Rights and the New Deal

The year 1929 ushered in the Great Depression. The stock market crashed; businesses failed, homes were foreclosed, banks closed, and unemployment rose to unprecedented heights across the nation.

Historians and economists debate the causes of the Great Depression. Some blame inadequate demand from consumers and decreased capital investment by companies; others blame the recently-created Federal Reserve’s monetary policies that led to “easy credit” and inflated prices. Historians and economists also debate whether the national government’s responses helped end the Great Depression, or made it worse.

Herbert Hoover was president when the stock market crashed in 1929. While history books sometimes portray Hoover as an advocate of laissez-faire policies, his administration actually took numerous bold steps to intervene in the economy. He encouraged businessmen not to cut production or lay off workers. He asked farmers to voluntarily cooperate to raise prices, while also increasing federal farm subsidies. He called for an international moratorium on debts. He asked Congress to increase spending on public works projects and to increase funding for banks to prevent mortgage foreclosures. He also oversaw the creation of the Reconstruction Finance Corporation. He repealed existing tax cuts and increased top tax rates from 25 percent to over 60 percent.

President herbert hoover
President Herbert Hoover

But these efforts by the federal government did not stem the economic disaster. One out of every four people was out of work, and homeless people lived in shanty-towns called “Hoovervilles” in many cities. The Gross National Product had fallen from a high of over $100 billion in 1929 to $55 billion.

Challenging Hoover in the presidential campaign of 1932 was the Democratic nominee, Franklin Delano Roosevelt. He projected a positive, energetic image, promising the American people a “new deal.” Roosevelt easily won the election in November with almost sixty percent of the popular vote. In his First Inaugural Address, he encouraged the American people to find hope in their history of overcoming obstacles: “the only thing we have to fear is fear itself…” Roosevelt praised the Constitution’s balance between executive and legislative authority. But he stated that if Congress failed to act, he would ask for emergency power:

“I shall not evade the clear course of duty…. I shall ask the Congress for the one remaining instrument to meet the crisis—broad Executive power to wage a war against the emergency, as great as the power that would be given to me if we were in fact invaded by a foreign foe” (Franklin D. Roosevelt, “First Inaugural Address,” March 4, 1933).

With a grant from Congress, domestic problems would be treated on a par with foreign invasion.

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President Franklin D. Roosevelt was elected to four terms and tried to end the Great Depression with the Progressive policies of the New Deal.

In the first hundred days of the new administration, Congress quickly approved a wide variety of programs known as the First New Deal. The National Industrial Recovery Act, along with the Agricultural Adjustment Act, were considered the major actions of the first hundred days. All significantly increased the size, reach, and administrative character of the federal government. After the 1934 election, FDR worked to extend New Deal reforms through measures designed to provide more benefits to some at public expense. Extensive public works projects, the Social Security Act, increased income taxes on the wealthy, and several programs intended to help farmers, laborers, and the unemployed made up the Second New Deal.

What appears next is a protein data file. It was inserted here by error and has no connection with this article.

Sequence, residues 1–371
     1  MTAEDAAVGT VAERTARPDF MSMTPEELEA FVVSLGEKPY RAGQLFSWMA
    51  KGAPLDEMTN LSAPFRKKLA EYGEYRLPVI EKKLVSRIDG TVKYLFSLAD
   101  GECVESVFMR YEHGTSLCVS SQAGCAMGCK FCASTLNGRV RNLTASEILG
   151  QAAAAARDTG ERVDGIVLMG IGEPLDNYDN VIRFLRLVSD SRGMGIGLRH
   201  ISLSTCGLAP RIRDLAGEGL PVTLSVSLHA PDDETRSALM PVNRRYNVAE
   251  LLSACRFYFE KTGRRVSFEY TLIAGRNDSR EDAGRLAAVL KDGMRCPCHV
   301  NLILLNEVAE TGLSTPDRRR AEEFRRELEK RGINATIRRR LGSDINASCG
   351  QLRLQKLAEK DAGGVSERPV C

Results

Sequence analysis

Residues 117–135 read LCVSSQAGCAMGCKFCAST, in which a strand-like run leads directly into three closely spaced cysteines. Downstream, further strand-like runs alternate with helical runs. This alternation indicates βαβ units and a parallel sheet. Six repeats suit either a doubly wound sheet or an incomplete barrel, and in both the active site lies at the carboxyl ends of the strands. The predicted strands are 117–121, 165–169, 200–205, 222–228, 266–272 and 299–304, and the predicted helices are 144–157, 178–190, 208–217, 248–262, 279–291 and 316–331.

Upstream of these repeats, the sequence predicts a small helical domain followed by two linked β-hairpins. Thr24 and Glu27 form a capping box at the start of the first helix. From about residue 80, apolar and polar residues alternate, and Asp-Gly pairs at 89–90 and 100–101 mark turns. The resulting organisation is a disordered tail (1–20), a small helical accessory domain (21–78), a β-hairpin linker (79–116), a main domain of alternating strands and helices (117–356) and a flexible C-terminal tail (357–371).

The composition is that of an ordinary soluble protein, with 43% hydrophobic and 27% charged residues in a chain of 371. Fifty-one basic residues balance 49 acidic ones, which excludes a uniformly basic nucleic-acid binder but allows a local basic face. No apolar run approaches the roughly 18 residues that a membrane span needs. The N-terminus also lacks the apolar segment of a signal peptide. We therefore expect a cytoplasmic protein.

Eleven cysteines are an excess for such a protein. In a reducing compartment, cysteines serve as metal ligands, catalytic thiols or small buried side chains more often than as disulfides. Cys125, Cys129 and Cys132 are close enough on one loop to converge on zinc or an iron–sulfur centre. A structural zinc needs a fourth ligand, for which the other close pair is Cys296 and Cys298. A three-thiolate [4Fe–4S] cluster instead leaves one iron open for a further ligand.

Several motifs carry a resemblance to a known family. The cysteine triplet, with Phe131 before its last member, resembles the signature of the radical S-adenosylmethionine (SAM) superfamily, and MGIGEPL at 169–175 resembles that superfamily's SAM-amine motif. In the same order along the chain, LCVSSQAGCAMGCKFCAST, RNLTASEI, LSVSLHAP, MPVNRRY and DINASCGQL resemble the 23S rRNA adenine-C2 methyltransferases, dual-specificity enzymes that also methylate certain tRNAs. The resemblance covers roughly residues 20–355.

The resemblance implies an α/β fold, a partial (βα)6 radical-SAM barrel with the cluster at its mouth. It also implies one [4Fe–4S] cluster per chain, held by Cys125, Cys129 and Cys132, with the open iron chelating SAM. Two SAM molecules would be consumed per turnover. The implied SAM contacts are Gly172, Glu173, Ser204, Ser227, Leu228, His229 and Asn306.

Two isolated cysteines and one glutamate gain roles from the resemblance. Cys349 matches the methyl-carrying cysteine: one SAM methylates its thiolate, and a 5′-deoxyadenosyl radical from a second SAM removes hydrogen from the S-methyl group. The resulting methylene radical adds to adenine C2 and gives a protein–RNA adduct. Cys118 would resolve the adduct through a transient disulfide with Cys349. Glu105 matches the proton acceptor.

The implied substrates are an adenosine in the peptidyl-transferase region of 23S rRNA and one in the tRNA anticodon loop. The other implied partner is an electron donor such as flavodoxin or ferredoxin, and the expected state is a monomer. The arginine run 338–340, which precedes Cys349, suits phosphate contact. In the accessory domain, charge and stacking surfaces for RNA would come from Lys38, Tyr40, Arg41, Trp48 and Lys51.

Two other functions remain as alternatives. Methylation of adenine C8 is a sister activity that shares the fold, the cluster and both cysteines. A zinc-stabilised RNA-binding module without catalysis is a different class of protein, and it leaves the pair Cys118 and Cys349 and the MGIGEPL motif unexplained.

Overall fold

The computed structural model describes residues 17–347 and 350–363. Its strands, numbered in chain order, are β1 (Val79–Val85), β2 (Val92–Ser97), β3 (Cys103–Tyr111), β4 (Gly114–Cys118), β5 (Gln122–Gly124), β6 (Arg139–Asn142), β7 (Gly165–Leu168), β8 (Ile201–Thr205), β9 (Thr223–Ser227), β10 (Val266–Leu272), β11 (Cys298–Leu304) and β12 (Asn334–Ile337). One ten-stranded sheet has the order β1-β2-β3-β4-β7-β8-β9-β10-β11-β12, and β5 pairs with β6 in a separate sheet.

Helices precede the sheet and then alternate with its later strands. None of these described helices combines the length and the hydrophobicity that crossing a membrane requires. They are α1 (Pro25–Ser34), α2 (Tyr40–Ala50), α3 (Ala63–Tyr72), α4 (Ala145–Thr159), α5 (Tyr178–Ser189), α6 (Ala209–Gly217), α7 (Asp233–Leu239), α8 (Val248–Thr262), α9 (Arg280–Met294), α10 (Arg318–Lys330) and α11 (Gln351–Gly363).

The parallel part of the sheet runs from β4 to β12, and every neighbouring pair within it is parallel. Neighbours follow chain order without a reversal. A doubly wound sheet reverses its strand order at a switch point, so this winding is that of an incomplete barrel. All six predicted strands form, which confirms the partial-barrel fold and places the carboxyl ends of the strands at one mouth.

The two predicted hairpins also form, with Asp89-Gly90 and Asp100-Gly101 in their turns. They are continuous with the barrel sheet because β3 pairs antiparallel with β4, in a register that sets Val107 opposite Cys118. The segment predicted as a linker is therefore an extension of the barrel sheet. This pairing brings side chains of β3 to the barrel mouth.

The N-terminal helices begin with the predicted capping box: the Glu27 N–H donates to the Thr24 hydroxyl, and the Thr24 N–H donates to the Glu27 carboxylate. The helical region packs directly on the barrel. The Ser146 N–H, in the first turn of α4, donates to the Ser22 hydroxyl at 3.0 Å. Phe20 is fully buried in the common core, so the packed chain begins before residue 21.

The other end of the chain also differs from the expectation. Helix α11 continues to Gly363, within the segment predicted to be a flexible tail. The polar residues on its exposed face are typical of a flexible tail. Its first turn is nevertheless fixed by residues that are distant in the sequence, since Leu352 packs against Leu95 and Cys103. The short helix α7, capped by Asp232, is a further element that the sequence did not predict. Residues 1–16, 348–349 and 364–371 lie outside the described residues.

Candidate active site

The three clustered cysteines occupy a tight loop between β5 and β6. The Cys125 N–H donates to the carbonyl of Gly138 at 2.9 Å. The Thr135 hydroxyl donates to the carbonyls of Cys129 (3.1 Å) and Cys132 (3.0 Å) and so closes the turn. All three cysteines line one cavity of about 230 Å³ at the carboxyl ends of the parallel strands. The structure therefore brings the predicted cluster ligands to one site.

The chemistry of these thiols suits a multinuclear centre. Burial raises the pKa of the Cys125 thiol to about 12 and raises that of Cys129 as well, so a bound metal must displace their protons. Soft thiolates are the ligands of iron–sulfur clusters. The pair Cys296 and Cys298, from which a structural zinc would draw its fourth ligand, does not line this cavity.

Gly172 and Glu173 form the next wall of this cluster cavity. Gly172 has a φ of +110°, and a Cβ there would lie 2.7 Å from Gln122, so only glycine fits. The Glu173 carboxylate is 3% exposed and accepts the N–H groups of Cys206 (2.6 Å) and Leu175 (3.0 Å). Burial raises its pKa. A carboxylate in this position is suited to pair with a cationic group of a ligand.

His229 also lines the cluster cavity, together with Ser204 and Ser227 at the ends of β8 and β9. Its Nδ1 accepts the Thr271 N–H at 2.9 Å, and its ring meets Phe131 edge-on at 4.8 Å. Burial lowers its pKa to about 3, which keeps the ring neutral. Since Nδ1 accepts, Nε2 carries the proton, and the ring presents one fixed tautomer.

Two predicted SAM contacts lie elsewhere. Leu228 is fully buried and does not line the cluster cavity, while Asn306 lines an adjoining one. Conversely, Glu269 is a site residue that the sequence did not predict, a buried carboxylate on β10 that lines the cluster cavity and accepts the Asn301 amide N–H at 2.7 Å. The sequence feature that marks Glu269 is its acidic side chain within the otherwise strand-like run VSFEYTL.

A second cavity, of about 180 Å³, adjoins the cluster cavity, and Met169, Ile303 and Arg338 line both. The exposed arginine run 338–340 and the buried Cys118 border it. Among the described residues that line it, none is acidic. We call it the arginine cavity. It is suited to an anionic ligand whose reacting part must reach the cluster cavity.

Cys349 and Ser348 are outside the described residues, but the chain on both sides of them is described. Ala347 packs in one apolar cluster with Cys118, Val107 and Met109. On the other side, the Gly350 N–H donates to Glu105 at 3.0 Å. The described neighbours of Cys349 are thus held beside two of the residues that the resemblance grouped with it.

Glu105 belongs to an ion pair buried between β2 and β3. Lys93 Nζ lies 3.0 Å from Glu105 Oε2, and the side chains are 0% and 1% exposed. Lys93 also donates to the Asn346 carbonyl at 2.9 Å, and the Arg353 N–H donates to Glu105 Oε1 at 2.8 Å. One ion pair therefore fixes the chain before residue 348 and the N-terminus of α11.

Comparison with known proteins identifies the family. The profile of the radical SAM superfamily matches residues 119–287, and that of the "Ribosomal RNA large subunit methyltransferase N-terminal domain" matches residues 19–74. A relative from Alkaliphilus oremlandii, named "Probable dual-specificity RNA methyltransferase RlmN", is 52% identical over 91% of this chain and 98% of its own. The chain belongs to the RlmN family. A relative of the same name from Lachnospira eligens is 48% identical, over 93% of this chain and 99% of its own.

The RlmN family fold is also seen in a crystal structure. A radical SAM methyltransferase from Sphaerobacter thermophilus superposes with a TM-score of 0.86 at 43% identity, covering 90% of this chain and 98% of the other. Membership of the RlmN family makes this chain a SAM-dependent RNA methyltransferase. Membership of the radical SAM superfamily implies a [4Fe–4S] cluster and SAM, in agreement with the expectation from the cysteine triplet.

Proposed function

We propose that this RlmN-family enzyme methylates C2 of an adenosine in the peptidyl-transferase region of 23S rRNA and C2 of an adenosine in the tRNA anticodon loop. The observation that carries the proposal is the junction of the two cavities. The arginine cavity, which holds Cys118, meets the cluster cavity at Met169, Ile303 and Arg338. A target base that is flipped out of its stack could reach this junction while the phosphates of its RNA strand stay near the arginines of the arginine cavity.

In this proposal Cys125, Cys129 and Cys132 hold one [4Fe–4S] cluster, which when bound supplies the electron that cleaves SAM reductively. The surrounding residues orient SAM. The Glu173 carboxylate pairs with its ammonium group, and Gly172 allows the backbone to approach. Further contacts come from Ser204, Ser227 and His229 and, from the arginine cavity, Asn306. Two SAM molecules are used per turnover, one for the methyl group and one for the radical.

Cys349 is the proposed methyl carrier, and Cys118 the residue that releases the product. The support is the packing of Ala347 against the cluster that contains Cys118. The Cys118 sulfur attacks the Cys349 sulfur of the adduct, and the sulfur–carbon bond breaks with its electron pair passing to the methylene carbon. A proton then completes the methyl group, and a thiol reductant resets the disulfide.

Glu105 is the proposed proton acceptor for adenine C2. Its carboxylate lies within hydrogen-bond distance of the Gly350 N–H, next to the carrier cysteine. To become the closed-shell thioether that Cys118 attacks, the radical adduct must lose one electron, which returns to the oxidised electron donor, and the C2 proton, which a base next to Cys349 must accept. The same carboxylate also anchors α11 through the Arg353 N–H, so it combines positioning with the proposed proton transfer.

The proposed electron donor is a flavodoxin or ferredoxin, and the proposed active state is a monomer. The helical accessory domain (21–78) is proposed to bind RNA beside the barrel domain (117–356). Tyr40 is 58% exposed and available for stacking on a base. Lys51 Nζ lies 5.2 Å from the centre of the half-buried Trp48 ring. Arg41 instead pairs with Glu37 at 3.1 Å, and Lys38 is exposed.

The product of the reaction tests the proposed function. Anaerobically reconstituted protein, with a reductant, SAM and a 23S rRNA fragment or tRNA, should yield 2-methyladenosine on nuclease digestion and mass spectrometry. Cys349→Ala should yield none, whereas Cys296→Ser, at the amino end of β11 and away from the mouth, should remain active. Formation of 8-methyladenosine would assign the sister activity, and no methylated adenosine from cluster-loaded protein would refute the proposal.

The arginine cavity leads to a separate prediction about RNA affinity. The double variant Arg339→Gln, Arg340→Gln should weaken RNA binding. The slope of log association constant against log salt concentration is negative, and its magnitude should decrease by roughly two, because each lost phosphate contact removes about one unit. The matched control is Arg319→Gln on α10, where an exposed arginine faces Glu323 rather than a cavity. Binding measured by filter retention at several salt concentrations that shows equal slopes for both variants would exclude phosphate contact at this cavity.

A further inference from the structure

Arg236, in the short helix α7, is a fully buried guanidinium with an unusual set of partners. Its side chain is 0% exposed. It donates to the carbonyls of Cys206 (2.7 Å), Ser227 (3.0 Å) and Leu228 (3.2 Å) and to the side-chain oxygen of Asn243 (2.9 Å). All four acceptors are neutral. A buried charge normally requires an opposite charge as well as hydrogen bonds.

Nra eagle
The National Industrial Recovery Act (1934) was part of the New Deal regulation of private enterprise.

At first, the Supreme Court struck down most of the new laws that made up the First New Deal as outside the constitutional powers of Congress. In response, Roosevelt proposed the Judicial Procedures Reform Bill of 1937. This law would have allowed the President to appoint a new justice to the Supreme Court for every sitting justice over the age of 70. This would allow the President to appoint up to as many as six new members of the high court. Speaking to the American people in one of his radio broadcast “fireside chats”, Roosevelt warned that a failure to pass sweeping laws would leave everyone vulnerable to economic ruin.

“National laws are needed to complete [our recovery] program. Individual or local or state effort alone cannot protect us in 1937 any better than ten years ago” (Franklin D. Roosevelt, “On the Reorganization of the Judiciary.” March 9, 1937).

The bill was introduced in the Senate, which ultimately passed a version of the bill which did not authorize the president to appoint new members of the Court. Suddenly, Justice Owen Roberts switched sides and began voting to uphold New Deal programs, a move that became known as the “switch in time that saved nine.”

Delivering his State of the Union address during his third term as President, FDR said, “People who are hungry and out of a job are the stuff of which dictatorships are made.” The rights protected by our Founding documents, he said, had “proved inadequate to assure us equality in the pursuit of happiness.” (Franklin D. Roosevelt, “State of the Union Address,” 1944).

As a result, the American people had accepted a “second Bill of Rights” as a basis of security and prosperity. These new rights would be what was necessary, Roosevelt believed, to carry what be considered the higher aim of the State into effect:

Among these are:

  • The right to a useful and remunerative job in the industries or shops or farms or mines of the nation;
  • The right to earn enough to provide adequate food and clothing and recreation;
  • The right of every farmer to raise and sell his products at a return which will give him and his family a decent living;
  • The right of every businessman, large and small, to trade in an atmosphere of freedom from unfair competition and domination by monopolies at home or abroad;